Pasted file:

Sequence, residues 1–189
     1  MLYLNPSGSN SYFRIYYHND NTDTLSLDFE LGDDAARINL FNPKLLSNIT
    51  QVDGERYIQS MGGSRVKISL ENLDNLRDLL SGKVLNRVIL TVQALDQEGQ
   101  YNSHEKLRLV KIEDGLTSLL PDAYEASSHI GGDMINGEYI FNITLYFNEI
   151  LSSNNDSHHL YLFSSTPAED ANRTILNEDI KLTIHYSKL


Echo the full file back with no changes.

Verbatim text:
Sequence, residues 1–189
     1  MLYLNPSGSN SYFRIYYHND NTDTLSLDFE LGDDAARINL FNPKLLSNIT
    51  QVDGERYIQS MGGSRVKISL ENLDNLRDLL SGKVLNRVIL TVQALDQEGQ
   101  YNSHEKLRLV KIEDGLTSLL PDAYEASSHI GGDMINGEYI FNITLYFNEI
   151  LSSNNDSHHL YLFSSTPAED ANRTILNEDI KLTIHYSKL